Correlation between the response of the heart to sympathetic stimulation and the release of endogenous catecholamines into the coronary sinus of the dog.
The relationship between the increase in catecholamine levels of the coronary sinus blood and the amplitude of various cardiac responses to adrenergic nerve stimulation was studied in anesthetized dogs. Plasma catecholamine levels in both coronary sinus and aortic blood were measured by a modification of the radiometric enzymatic assay for tissue catecholamines and were found to be 0.622 plus or minus 0.104 (SE) ng/ml and 0.933 plus or minus 0.116 ng/ml, respectively, under basal conditions. The catecholamine levels in coronary sinus blood increased linearly during right cardioaccelerator nerve stimulation up to a frequency of 10 Hz. At this frequency, maximum values were observed in both coronary sinus blood catecholamine levels and cardiac responses. The correlation between the response in heart rate, mean coronary blood flow, and dP/dt of left ventricular pressure and the increase in endogenous catecholamine levels of coronary sinus blood was significant, but the relationship was nonlinear. The present experimental design may prove to be a reliable means of studying the role of the sympathetic nervous system in the regulation of cardiovascular function in vivo.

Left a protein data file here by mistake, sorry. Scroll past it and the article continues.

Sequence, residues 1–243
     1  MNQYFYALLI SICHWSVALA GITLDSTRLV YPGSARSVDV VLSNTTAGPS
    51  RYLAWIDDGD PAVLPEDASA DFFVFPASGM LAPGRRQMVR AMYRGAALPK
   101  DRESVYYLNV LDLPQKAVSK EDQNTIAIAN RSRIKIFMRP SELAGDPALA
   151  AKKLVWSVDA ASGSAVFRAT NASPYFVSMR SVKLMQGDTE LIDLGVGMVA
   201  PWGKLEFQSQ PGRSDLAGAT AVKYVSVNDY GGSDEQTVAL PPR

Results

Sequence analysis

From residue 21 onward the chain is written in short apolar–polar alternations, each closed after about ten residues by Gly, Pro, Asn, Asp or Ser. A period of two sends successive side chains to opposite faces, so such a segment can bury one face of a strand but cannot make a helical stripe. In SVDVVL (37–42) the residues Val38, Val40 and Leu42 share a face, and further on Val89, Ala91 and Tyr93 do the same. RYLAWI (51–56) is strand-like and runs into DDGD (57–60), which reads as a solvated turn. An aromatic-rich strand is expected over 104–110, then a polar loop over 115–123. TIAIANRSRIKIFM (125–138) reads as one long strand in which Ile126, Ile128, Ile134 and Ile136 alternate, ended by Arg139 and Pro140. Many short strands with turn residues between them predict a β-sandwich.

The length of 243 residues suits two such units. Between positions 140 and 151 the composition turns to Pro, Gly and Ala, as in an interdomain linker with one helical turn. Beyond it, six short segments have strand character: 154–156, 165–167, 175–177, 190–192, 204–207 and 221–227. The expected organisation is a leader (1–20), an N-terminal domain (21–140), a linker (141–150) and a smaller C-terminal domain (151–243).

- Copyright © 1975 by American Heart Association